the audit

The ethics of The Guardian‘s Whisper bombshell

It would have been a journalistic lapse not to have told readers
October 20, 2014

The Guardian happened upon a huge story while discussing a journalism partnership with Whisper, whose social media app promises anonymity to users, encouraging them to share their secrets.

It turns out Whisper users aren’t so anonymous after all. The company tracks its users’ locations, even when they’ve turned off geolocation, according to The Guardian. It stores their messages—even deleted ones—indefinitely, despite promising to hold them only for “a brief period of time.” And then there’s this:

A team headed by Whisper’s editor-in-chief, Neetzan Zimmerman, is closely monitoring users it believes are potentially newsworthy, delving into the history of their activity on the app and tracking their movements through the mapping tool. Among the many users currently being targeted are military personnel and individuals claiming to work at Yahoo, Disney and on Capitol Hill…

Separately, Whisper has been following a user claiming to be a sex-obsessed lobbyist in Washington DC. The company’s tracking tools allow staff to monitor which areas of the capital the lobbyist visits. “He’s a guy that we’ll track for the rest of his life and he’ll have no idea we’ll be watching him,” the same Whisper executive said.

Where did The Guardian get the scoop? From the company itself, which had invited the paper’s reporters in to discuss how to further an extant editorial partnership.

It lucked into it, basically. I would have guessed anyone in their position would have reported it just as The Guardian did, and with no hesitation. Not quite.

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It was bizarre to see a bit of backlash develop against The Guardian this weekend for reporting the story—particularly since much of the questioning came from journalists themselves.

Business Insider Editor and CEO Henry Blodget said this on Twitter:

Wall Street Journal tech columnist Christopher Mims thought this out loud (ADDING: and I should say, later went the other way):

And Fortune senior editor Dan Primack chimed in:

Then there was the Silicon Valley venture capitalist Keith Rabois, who said The Guardian‘s reporting was “tantamount to fraud” and called for “subpoenas of email and texts” from its reporters.

(I should note that I prompted several of these responses this weekend by criticizing this line of reasoning on Twitter. You can read the chain here.)

The questions focus on whether The Guardian somehow tricked Whisper into giving it the information or whether it violated an understood compact of business secrecy.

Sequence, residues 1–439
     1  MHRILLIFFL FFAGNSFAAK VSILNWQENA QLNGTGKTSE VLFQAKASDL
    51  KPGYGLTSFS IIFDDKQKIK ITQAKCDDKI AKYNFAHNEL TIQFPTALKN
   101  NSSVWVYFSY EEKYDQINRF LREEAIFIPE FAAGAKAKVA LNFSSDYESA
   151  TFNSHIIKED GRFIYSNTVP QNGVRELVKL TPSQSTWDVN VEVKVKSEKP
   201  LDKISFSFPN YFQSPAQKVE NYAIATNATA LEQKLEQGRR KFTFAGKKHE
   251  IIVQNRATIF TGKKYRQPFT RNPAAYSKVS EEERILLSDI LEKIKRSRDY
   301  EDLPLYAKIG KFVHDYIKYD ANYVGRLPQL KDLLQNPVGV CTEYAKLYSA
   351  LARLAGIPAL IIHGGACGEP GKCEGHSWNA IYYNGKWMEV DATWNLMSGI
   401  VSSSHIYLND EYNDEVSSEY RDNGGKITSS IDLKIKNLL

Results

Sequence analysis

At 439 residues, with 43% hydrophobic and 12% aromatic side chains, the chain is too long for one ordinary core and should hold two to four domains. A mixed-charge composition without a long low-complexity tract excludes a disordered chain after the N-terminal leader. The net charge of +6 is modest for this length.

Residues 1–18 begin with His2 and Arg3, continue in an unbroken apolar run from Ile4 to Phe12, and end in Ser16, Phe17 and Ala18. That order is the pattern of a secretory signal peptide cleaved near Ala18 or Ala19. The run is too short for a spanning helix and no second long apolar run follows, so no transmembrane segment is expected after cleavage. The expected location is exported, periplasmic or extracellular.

This is absurd. What The Guardian did was entirely ethical. Whisper told its reporters highly newsworthy facts about its own service. The information was all on the record. The Guardian reported it. It would have been a journalistic lapse for the paper not to have told readers what it had learned.

In fact, even had the sessions been off the record, or as Primack asserts, implicitly private, The Guardian would have had to give serious consideration to burning its sources if it couldn’t otherwise confirm the information. I’d argue that the right of the public to know that it is being gravely misled clearly outweighs the agreement by the paper not to publish that information.

Fortunately, we don’t have to worry about that hypothetical in this instance. But it’s troubling that journalists would look askance, even for a little while, at The Guardian‘s decision to report what it learned—on the record.

The ethical problems, meanwhile, are entirely in Whisper’s corner, and not just over how it handles its users’ data and how that differs from its promises to them. Whisper editor in chief Neetzan Zimmerman, the former viral wunderkind at Gawker, outright accused Guardian reporters Paul Lewis and Dominic Rushe of high journalistic fraud. Zimmerman said they were “lying” about much of the story’s information, particularly the quote about tracking the “sex-obsessed lobbyist.”

“It is a fabrication because it was never said, and no such person exists,” Zimmerman wrote on Twitter—an astonishingly reckless thing to say about two reporters with notes of a meeting that Zimmerman didn’t even attend.

When Whisper CEO Michael Heyward finally responded to the scandal on Sunday, The Guardian noted, accurately, that, “Unlike other Whisper representatives, who have strongly denied the disclosures, Heyward did not dispute the accuracy of the Guardian’s reporting.”

One fascinating thing about this story is how Whisper’s wounds are almost entirely self-inflicted. It brought in reporters to show what it could do for them, only to find them appalled at what it could do for them. And its top journalist accused two other journalists—falsely by all evidence—of fabricating a source and a quote.

The ethical questions are all on Whisper.

Ryan Chittum is a former Wall Street Journal reporter, and deputy editor of The Audit, CJR’s business section. If you see notable business journalism, give him a heads-up at Follow him on Twitter at @ryanchittum.